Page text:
granary project

A 2000 year old ceramic granary sits on display at the Art Institute of Chicago while its contemporary twin–a recent commission by the Nathan Manilow Sculpture Park–placidly overlooks a 50 acre field on the outskirts of the city.

This project activates a conversation exploring the ecological linkages between these two objects, their histories, and the two sites they now inhabit.

The concept for the Granary project emerged from a decade long fascination with a small grouping of Han Dynasty burial ceramics in the Asian collection of the Art Institute of Chicago. They caught my attention, not just for the humble rural elegance I'd come to admire in them, but as objects invested with ecological knowledge that felt familiar and legible to me across a two thousand year span of time. This small suite of ancient objects–a pigsty latrine, a small grain milling shed, a granary–spoke directly to my ecological concerns today: my garden; my interest in waste, nutrient, and energy cycles; my interest in food systems and food security; back-to-the-land desires that I'd been shoe-horning into a city of 8 million. As funerary objects, they reminded me of my mortality; they made me ponder what, if anything, I might want to take with me into the afterlife–or leave behind. But most riveting, was the recognition that these modest proposals from the Han Dynasty were offering me a new perspective on where to position myself across an enormous spectrum of time. They provoked the recognition that I was standing, and living my life, at a halfway point on the way to the year 4000. I continue to digest this discovery.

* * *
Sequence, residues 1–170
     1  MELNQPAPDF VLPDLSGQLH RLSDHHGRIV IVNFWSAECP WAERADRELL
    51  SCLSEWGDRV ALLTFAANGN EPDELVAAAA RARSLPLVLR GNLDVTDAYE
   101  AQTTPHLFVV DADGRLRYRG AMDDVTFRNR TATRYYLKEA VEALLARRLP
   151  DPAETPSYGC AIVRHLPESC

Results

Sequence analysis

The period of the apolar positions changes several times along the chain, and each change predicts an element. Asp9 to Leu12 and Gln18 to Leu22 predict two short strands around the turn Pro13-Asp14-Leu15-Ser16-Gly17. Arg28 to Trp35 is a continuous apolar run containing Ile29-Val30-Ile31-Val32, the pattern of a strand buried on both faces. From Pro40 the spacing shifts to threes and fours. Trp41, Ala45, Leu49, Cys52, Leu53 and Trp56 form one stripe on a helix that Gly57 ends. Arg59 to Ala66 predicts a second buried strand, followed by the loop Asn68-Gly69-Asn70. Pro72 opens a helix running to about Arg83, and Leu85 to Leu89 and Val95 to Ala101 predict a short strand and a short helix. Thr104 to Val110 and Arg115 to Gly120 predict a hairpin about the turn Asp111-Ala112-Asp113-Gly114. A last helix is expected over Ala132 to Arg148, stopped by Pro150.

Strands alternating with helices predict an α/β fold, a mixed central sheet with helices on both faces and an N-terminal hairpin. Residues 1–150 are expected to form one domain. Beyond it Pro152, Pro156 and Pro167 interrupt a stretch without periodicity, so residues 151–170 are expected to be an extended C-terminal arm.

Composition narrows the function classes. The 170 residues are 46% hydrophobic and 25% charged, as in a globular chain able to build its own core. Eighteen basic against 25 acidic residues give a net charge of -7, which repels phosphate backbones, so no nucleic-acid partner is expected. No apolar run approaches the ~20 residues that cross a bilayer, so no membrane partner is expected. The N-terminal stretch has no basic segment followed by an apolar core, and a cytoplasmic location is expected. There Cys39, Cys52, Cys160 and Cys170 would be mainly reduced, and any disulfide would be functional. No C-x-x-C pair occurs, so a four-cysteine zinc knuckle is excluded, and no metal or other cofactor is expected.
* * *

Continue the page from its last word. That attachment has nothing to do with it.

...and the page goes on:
It is common for pottery granaries, both cylindrical and box-like, to be raised. Some stand on stilts and others on feet in animal form, often bear. The bear motif plays a prominent part in Han artefacts. Probably because of the strength of the bear, the form was fashioned as support for various structures. There are comparable examples to the bear motif. Men also appear in Han pottery granaries, shaped in different postures. Figure 4.44 provides a close-up view of a sculptured squatting man as a foot for a granary of the Western Han 31. It seems that men appeared a bit earlier than bears in terms of Han mingqi.

The mingqi Pottery buildings of Han Dynasty China 206 BC-AD 220, Quinghua Guo, Sussex Academic Press 2010, p. 100